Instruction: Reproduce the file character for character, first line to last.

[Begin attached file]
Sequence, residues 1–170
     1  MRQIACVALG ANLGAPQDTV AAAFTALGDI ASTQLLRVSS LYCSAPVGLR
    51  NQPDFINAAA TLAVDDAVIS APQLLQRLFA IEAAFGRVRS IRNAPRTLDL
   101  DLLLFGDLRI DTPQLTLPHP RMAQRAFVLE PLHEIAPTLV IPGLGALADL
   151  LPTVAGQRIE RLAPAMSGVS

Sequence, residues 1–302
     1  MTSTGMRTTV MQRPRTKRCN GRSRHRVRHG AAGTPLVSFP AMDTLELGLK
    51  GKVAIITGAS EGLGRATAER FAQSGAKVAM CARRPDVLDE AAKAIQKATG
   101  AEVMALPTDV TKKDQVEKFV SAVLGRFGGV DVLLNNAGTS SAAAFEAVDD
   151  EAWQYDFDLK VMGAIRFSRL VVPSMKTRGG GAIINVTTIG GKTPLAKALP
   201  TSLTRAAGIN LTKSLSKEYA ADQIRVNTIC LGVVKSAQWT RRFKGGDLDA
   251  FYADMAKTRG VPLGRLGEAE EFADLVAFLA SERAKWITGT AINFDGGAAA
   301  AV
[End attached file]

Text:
Sequence, residues 1–170
     1  MRQIACVALG ANLGAPQDTV AAAFTALGDI ASTQLLRVSS LYCSAPVGLR
    51  NQPDFINAAA TLAVDDAVIS APQLLQRLFA IEAAFGRVRS IRNAPRTLDL
   101  DLLLFGDLRI DTPQLTLPHP RMAQRAFVLE PLHEIAPTLV IPGLGALADL
   151  LPTVAGQRIE RLAPAMSGVS

Sequence, residues 1–302
     1  MTSTGMRTTV MQRPRTKRCN GRSRHRVRHG AAGTPLVSFP AMDTLELGLK
    51  GKVAIITGAS EGLGRATAER FAQSGAKVAM CARRPDVLDE AAKAIQKATG
   101  AEVMALPTDV TKKDQVEKFV SAVLGRFGGV DVLLNNAGTS SAAAFEAVDD
   151  EAWQYDFDLK VMGAIRFSRL VVPSMKTRGG GAIINVTTIG GKTPLAKALP
   201  TSLTRAAGIN LTKSLSKEYA ADQIRVNTIC LGVVKSAQWT RRFKGGDLDA
   251  FYADMAKTRG VPLGRLGEAE EFADLVAFLA SERAKWITGT AINFDGGAAA
   301  AV